Primary sources focused on "six different phases of Black Freedom." Slavery and the Abolitionist Movement (1790-1860); The Civil War and the Reconstruction Era (1861-1877); Jim Crow Era from 1878 to the Great Depression (1878-1932); The New Deal and World War II (1933-1945); The Civil Rights and Black Power Movements (1946-1975); and The Contemporary Era (1976-2000).
Comprehensive collection of stories from Africa and the African Diaspora, offering short stories and folktales, ranging thematically from oral traditions that date back many hundreds of years to contemporary tales of modern life. Also includes complete runs of selected literary magazines.
Hundreds of FBI files documenting the federal scrutiny, harassment, and prosecution to which black Americans of all political persuasions were subjected. Many of the documents originated with black "confidential special informants" enlisted by the FBI to infiltrate a variety of organizations. The collection provides detailed coverage of: "Negro radicals" and their organizations; the FBI's infringement of First Amendment freedoms; and its preoccupation with black radicalism between 1920 and 1984.
The Hiphop Archive focuses on the knowledge, art, culture, materials, organizations, movements and institutions developed by those who support and follow Hiphop. Located at W.E.B. Dubois Institute for Afro-American Research.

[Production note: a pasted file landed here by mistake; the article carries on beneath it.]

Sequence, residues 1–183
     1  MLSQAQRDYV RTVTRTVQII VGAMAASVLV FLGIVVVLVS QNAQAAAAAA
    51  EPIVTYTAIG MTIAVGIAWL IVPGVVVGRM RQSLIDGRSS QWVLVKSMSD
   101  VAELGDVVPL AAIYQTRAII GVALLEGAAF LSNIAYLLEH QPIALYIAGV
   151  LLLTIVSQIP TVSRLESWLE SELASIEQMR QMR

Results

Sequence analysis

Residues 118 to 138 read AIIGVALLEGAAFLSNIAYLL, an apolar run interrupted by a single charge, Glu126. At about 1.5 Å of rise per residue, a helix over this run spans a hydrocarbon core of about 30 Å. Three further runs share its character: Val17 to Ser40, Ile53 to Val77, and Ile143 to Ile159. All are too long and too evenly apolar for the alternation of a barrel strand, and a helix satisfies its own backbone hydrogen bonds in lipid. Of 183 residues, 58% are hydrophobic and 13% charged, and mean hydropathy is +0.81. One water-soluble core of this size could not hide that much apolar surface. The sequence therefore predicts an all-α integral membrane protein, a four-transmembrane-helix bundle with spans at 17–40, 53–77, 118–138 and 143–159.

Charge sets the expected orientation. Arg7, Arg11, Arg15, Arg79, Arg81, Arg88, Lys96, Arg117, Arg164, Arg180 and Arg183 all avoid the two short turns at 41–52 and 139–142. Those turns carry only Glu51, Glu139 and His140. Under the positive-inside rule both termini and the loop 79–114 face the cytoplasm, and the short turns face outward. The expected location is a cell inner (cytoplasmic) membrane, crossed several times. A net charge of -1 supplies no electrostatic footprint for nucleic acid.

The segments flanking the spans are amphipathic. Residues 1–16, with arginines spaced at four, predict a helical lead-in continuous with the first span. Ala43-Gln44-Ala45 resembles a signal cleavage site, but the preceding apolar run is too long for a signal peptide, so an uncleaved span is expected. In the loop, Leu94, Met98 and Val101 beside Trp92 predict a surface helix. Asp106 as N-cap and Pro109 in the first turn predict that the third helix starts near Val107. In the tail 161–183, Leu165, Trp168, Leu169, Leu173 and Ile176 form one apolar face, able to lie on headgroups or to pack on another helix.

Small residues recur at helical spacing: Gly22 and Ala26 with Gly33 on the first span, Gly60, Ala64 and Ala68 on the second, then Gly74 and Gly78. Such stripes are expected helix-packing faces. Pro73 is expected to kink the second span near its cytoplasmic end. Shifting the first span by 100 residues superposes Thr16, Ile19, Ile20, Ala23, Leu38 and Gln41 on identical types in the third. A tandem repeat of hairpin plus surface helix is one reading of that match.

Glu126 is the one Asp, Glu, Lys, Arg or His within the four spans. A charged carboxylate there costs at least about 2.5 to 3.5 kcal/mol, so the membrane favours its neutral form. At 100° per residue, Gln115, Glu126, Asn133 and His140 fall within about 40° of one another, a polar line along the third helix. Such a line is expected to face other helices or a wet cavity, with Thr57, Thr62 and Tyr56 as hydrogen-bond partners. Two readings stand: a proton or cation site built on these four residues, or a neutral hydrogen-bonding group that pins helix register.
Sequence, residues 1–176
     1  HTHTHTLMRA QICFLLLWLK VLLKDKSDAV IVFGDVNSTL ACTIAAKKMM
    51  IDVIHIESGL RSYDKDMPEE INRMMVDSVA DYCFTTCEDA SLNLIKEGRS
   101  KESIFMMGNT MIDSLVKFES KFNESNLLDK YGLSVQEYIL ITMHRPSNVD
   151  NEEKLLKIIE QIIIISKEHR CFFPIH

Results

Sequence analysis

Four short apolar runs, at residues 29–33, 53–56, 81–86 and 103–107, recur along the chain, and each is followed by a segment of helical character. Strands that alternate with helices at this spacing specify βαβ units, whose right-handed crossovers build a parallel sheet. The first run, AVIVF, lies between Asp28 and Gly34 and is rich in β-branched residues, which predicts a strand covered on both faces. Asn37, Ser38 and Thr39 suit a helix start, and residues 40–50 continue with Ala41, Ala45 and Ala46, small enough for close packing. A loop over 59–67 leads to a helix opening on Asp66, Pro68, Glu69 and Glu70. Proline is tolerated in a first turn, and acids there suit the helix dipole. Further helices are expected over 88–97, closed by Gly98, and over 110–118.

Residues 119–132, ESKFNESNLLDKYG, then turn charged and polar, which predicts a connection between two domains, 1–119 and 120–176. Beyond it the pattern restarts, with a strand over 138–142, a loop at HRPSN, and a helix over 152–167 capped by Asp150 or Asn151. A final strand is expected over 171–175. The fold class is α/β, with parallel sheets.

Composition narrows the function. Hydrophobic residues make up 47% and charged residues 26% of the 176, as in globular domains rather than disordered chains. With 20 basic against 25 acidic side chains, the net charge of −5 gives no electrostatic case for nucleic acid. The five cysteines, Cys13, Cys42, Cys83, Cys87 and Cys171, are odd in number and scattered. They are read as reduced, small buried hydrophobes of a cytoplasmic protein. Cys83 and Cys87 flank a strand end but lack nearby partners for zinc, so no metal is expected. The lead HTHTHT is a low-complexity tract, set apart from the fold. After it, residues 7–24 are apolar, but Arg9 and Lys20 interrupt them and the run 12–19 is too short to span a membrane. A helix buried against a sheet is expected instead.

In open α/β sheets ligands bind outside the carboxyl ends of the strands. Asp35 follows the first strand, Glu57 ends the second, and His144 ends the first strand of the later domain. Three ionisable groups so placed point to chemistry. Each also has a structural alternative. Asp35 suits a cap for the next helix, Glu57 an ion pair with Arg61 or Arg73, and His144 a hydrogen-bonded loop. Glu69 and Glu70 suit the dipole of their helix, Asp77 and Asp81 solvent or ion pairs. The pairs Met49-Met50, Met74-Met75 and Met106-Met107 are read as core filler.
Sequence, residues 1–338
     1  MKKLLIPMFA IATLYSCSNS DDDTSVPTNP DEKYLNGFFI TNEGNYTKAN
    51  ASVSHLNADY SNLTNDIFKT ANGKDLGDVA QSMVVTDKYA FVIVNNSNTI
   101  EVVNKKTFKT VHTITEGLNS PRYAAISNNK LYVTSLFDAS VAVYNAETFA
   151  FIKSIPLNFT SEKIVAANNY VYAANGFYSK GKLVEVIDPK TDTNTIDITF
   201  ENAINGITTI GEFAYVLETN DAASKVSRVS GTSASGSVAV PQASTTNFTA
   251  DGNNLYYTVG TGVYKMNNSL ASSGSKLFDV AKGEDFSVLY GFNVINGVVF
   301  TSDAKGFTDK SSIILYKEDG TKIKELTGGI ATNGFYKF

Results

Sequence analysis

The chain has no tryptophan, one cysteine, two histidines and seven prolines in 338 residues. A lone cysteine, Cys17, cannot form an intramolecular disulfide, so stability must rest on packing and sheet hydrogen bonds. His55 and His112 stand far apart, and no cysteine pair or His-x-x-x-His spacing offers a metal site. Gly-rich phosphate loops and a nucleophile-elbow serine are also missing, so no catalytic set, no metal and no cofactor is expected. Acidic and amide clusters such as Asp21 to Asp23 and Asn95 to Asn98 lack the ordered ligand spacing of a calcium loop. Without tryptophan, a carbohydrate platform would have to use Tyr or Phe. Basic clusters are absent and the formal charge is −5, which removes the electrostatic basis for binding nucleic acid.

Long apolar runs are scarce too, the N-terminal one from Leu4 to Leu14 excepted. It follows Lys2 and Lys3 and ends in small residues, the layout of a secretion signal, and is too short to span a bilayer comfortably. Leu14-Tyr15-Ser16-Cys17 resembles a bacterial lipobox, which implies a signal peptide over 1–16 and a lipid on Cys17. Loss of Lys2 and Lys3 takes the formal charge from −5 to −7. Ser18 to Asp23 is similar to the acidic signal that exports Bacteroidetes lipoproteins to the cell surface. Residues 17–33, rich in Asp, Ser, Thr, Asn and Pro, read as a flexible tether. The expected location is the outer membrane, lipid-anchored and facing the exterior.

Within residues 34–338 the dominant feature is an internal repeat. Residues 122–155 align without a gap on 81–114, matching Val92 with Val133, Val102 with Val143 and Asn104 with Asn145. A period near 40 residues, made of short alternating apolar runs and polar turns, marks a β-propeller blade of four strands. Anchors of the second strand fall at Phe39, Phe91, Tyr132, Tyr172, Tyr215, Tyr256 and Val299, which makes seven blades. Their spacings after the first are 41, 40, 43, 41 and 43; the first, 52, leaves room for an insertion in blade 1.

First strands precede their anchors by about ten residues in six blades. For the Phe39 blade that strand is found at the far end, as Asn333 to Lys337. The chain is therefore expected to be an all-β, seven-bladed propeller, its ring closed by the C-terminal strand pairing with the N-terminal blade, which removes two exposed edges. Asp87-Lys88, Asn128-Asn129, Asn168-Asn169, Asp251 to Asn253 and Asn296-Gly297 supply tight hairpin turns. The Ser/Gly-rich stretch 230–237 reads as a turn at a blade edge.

Provides a list of historical African American Newspapers available online as part of digitization projects at libraries and historical societies as well as digitization projects done by Google. Browse by title, time period, or geographic area.
Digital primary sources drawn mostly from U.S. archival collections. Collections are arranged into subject modules: Civil Rights and the Black Freedom Struggle; Southern Life, Slavery, and the Civil War; American Indians and the American West; American Politics & Society; International Relations & Military Conflicts; Revolutionary War & Early America; Women's Studies; Workers, Labor Unions, & Radical Politics.